Sarah Thornton Sums Up the Frieze Fair
Despite higher sales totals in early 2008, many insiders feel that the market hit its real peak back in May-June 2007, just before the sub-prime crisis struck. In the months since, the market has been thinner and weaker, but it has also been punctuated by dazzlingly expensive sales to Arab royalty and Russian oligarchs buying name artists at devil-may-care prices.
An end to the mania for Hirst:
rumour has it that the Russians have not bought any significant contemporary work since Damien Hirst’s [ . . . ] sale at Sotheby’s last month. [ . . . ] in the past few weeks, many dealers who never trade in Hirsts report being offered Hirst works from collectors who either no longer feel there is much kudos in owning work by the artist or are “distress selling” to cover losses in other fields.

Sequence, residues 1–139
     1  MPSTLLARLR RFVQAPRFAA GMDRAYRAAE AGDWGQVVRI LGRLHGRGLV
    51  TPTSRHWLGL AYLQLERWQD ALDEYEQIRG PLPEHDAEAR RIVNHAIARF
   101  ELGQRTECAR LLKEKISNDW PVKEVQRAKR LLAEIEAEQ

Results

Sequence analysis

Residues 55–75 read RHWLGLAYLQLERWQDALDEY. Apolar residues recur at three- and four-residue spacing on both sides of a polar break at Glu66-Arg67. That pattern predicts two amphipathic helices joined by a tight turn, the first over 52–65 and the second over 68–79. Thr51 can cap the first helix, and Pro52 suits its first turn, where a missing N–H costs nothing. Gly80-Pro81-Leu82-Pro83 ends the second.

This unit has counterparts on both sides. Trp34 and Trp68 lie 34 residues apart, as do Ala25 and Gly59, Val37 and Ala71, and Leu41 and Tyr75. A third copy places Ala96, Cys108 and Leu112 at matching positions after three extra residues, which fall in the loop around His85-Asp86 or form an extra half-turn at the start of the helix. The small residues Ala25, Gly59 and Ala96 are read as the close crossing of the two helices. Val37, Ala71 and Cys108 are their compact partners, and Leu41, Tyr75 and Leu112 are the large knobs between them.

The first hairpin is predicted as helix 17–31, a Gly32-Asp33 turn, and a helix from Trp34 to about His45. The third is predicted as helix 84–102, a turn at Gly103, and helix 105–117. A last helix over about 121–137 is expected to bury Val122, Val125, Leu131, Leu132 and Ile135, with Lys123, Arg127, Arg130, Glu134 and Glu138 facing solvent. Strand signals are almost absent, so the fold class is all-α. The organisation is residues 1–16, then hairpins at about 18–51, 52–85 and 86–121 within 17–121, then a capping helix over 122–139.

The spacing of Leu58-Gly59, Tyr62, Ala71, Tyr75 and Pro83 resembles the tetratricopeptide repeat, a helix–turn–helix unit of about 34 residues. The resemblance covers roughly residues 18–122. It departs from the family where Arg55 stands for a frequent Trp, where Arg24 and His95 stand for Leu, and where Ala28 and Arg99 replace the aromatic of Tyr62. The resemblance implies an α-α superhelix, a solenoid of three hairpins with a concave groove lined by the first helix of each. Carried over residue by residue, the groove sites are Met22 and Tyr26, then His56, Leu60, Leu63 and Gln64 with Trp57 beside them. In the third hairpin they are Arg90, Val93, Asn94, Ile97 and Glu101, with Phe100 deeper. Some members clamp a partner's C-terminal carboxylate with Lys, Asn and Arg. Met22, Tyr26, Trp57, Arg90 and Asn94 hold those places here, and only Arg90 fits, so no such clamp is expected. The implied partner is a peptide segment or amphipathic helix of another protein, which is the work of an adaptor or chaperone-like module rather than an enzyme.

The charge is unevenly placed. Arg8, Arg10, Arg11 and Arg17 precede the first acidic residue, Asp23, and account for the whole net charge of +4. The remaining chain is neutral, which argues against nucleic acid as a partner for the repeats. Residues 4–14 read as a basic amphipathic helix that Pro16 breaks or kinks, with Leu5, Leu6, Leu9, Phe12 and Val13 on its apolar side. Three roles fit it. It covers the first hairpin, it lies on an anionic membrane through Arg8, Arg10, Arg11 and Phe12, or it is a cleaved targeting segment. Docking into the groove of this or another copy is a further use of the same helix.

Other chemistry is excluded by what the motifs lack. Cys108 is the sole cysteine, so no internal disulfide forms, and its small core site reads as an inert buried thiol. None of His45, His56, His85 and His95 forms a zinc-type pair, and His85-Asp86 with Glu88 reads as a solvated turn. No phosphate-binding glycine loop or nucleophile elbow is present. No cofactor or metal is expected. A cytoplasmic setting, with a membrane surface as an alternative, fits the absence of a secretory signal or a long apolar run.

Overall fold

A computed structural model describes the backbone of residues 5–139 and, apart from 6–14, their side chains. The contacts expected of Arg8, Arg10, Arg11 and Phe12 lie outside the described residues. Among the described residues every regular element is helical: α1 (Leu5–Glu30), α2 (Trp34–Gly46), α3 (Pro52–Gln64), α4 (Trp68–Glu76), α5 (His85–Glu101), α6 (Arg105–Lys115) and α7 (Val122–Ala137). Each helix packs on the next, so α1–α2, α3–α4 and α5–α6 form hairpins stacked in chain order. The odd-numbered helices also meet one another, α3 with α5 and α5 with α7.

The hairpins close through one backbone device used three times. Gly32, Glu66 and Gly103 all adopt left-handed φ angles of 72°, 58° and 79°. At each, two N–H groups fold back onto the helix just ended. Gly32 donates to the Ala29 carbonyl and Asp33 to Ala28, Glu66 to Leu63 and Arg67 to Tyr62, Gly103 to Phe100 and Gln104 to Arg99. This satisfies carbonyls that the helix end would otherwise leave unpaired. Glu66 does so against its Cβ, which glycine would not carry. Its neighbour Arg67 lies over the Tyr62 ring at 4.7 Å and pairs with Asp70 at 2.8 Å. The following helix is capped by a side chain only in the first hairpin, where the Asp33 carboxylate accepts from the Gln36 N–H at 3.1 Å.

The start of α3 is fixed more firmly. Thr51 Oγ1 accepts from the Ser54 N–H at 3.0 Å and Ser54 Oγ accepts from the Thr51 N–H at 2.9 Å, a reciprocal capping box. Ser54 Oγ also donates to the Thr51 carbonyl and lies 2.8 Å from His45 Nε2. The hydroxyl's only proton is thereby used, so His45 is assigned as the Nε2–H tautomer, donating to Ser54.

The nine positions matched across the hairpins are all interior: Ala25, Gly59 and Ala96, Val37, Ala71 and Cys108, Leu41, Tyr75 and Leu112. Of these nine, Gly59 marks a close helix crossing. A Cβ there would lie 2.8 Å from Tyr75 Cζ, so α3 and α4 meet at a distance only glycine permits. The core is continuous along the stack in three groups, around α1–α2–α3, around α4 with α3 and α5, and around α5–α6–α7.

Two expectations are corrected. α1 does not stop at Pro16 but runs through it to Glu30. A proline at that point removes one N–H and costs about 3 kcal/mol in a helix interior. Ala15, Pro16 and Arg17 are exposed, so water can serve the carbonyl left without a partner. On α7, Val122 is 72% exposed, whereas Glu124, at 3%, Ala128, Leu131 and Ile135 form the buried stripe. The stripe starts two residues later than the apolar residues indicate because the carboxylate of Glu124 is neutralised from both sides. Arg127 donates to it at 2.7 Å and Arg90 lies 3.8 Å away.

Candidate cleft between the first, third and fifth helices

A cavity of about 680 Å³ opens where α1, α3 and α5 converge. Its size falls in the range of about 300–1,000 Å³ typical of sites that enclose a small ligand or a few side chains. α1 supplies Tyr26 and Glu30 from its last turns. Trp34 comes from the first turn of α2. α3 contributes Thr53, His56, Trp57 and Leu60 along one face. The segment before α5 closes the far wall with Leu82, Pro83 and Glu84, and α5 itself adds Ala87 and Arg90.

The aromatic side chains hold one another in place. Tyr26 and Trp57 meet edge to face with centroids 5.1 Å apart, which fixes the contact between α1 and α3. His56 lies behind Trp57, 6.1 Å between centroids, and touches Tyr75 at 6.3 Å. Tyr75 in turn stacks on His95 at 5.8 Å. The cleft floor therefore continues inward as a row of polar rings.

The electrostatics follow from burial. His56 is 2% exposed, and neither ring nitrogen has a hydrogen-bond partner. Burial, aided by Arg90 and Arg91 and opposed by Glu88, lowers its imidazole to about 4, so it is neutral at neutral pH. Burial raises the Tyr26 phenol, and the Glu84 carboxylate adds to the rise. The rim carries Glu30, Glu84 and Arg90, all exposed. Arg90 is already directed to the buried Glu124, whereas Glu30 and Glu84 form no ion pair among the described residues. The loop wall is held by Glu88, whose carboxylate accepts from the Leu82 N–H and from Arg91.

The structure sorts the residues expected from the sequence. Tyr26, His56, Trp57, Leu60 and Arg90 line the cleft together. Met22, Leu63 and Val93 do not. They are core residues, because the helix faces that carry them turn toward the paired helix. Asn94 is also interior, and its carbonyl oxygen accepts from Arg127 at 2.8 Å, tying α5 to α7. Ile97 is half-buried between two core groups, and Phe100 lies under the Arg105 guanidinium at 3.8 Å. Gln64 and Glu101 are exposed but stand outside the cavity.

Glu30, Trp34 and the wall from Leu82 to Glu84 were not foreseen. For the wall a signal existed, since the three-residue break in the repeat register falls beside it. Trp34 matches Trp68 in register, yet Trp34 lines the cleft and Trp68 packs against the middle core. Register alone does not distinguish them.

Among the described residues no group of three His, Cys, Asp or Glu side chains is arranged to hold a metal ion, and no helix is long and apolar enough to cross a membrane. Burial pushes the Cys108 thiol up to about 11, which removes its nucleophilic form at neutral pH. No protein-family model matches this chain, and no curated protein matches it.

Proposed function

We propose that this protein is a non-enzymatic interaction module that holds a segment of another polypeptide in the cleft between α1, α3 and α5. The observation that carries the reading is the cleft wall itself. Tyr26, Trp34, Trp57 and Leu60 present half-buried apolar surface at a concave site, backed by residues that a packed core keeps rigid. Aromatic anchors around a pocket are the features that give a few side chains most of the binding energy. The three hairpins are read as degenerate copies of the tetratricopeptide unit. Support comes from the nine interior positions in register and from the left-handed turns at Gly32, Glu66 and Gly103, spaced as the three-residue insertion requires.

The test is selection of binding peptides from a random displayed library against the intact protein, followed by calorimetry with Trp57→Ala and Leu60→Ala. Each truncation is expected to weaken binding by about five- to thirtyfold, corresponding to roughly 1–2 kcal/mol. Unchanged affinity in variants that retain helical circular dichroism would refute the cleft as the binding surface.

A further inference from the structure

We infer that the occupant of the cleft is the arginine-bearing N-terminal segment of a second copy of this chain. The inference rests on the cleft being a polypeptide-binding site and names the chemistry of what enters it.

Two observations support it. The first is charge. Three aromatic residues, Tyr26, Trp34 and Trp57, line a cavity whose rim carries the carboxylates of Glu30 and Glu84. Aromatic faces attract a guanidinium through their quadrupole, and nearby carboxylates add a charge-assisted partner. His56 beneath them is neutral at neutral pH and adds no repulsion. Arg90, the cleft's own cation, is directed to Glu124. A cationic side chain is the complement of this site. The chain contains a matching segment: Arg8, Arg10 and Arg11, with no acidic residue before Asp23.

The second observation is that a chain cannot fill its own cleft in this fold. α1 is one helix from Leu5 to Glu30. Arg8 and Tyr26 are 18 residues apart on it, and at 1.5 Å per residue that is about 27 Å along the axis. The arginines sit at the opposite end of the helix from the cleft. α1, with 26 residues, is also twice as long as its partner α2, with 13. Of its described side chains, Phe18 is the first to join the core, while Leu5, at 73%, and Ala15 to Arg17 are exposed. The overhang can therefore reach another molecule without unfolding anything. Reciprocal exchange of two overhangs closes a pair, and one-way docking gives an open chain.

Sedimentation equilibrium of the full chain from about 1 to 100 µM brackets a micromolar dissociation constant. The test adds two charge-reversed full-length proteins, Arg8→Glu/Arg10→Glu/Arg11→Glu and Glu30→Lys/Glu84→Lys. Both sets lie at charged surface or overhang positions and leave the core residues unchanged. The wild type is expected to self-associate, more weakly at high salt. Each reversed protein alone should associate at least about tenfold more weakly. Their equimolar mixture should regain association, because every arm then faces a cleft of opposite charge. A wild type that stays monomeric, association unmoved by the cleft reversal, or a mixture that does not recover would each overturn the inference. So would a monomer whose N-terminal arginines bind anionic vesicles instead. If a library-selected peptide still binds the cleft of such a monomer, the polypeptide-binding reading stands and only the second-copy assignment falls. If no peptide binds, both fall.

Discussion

The Frieze Art Fair was a cheerier event, principally because the primary market – galleries representing artists and selling straight out of the studio – is at present healthier than the secondary or resale market for art. As the fair’s co-director Matthew Slotover puts it: “Collectors who buy art on the primary market are interested in art, whereas the secondary market is dominated by people whose primary purpose is to make money.”
So what happens next?
Joel Wachs, president of the Warhol Foundation for the Visual Arts, was philosophical: “People who bought art for the wrong reasons better get used to looking at it.”
Bye Bye to Bling for Billionaires (New Statesman)